To prepare a hemostatic chitosan tassel that has improved expandability, polyvinyl alcohol (PVA) can be added to the acid solution. An acetic acid solution containing 2% PVA by weight provides a hemostatic tassel with enhanced elasticity, but also a tassel that is less hydrophilic. In general, a high degree of hydrophilicity is preferred to ensure that the hemostatic tassel adheres firmly to the wound. However, in certain embodiments, the reduction in hydrophilicity can be relatively small and, therefore, does not significantly affect the ability of the tassel to adhere to the wound.

Hemostatic fabric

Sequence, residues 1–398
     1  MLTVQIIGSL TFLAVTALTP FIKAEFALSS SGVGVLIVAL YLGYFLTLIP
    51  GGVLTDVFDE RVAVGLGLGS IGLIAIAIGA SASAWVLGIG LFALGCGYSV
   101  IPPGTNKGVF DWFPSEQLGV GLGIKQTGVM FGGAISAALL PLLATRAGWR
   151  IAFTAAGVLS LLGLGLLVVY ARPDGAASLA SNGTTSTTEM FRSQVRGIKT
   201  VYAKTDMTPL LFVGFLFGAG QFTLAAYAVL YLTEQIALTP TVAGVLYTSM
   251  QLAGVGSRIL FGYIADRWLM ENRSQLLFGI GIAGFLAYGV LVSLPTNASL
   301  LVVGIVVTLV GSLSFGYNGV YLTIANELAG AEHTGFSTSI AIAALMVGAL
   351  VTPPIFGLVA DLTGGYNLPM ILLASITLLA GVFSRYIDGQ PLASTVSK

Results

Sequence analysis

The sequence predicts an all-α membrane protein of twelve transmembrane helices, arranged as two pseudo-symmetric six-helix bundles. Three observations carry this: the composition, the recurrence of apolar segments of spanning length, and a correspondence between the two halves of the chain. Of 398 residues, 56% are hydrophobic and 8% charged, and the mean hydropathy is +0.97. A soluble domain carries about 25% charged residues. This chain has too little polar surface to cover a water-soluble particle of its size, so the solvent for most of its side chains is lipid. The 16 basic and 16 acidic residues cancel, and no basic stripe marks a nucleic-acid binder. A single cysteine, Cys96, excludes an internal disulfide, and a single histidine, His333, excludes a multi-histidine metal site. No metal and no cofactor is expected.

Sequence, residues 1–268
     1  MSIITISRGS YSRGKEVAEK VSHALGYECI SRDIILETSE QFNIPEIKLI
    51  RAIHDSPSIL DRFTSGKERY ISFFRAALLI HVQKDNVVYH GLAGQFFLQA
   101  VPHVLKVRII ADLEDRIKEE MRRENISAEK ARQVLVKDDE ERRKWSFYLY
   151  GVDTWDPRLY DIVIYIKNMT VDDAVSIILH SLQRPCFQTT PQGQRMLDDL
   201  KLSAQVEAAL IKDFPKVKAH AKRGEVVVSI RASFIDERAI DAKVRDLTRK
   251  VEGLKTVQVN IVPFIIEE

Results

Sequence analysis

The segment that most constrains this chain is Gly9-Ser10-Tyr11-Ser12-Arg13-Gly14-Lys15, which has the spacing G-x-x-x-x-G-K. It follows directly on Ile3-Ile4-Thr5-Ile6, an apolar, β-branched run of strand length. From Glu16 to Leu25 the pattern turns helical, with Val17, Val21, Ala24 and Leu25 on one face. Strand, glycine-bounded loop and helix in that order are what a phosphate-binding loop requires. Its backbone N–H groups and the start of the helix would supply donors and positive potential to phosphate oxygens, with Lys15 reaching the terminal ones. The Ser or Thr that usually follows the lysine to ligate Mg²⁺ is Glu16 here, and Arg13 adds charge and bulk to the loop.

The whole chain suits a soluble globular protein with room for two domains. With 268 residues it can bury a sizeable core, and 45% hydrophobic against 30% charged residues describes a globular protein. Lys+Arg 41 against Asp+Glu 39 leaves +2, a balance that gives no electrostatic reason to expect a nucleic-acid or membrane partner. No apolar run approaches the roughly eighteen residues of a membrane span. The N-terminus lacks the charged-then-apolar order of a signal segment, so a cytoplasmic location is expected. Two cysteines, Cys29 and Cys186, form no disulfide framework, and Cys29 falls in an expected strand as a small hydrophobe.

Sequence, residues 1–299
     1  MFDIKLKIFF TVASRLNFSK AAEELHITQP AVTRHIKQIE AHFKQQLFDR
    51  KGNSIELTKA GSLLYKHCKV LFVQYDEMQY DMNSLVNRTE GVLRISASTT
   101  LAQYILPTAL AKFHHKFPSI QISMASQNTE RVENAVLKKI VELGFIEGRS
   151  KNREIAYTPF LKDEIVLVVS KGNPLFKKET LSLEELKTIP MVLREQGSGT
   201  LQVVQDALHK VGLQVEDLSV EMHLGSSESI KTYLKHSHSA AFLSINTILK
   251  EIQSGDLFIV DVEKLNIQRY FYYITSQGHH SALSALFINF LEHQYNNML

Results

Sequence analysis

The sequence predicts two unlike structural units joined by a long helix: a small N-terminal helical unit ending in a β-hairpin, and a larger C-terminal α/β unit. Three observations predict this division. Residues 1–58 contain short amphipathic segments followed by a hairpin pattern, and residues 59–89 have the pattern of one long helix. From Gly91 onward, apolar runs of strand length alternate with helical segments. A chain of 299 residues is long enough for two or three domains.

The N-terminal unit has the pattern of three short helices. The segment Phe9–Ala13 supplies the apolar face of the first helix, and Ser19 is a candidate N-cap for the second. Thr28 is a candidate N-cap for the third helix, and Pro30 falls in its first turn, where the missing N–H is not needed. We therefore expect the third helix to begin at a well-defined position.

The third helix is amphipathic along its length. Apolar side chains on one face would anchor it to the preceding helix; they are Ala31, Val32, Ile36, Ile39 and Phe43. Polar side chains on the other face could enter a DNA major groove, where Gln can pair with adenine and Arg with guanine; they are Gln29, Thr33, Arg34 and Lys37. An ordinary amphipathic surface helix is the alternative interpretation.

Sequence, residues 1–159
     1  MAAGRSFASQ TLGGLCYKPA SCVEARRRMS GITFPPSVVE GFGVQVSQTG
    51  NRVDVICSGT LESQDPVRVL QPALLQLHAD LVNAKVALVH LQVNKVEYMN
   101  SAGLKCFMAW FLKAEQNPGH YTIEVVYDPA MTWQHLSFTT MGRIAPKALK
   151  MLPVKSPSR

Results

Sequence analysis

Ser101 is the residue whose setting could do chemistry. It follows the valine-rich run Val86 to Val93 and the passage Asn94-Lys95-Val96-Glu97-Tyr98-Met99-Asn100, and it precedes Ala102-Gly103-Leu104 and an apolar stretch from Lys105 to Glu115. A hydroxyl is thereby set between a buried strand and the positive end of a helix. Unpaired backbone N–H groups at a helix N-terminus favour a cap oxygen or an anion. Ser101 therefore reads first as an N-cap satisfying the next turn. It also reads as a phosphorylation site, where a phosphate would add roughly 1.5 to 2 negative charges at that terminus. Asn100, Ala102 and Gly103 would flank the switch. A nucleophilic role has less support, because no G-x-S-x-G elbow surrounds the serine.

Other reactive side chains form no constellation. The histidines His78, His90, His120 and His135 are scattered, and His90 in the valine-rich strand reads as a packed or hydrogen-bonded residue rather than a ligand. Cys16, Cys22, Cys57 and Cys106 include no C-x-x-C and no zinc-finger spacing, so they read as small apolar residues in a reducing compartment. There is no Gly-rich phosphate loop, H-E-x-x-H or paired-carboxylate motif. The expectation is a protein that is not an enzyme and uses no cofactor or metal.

Hemostatic fabric can be prepared from chitosan fibers according to the method described above for the preparation of hemostatic tassels, with the following modifications. One or more layers of chitosan fiber are crushed, optionally loaded with an auxiliary agent, and dried under vacuum. In general, it is preferred to use 2, 3, 4, 5, 6, 7, 8, 9 or 10 or more layers of chitosan fiber in the preparation of the fabric. In general, it is preferred that one side of the fabric has a smooth surface and the other side of the fabric has a rough surface (for example, in the case of chitosan, a surface of TEFLON ™ applied to a surface of the fiber layers during heating it provides a smooth face, while a protective paper applied to a surface of the fiber layers provides a rough surface). However, in certain embodiments, a fabric having two rough faces may be preferred, such as, for example, for use in connection with an irregular wound or a deep wound such as a lethal groin lesion. In preferred embodiments, the rough surface is exposed to the wound in order to maximize the contact of the chitosan fibers with the wound, to give rise to an improved hemostatic effect and superior wound adhesion. In the preparation of a hemostatic fabric comprising chitosan fibers loaded with microporous polysaccharide microspheres, it is generally preferred that the resulting fabric contains from about 0.01 to about 75% by weight of microporous polysaccharide microspheres, more preferably from about 1 to about 60% by weight of microporous polysaccharide microspheres, and most preferably from about 5, 10, 15, 20 or 25% by weight to about 30, 35, 40, 45, 50 or 55% by weight of microporous microspheres of polysaccharide. However, in certain embodiments, higher or lower levels of microporous polysaccharide microspheres may be preferred, or even that there are no microspheres at all. If a different hemostatic agent is used or other components are added to the chitosan fibers or other substrate, different loading levels may be preferred.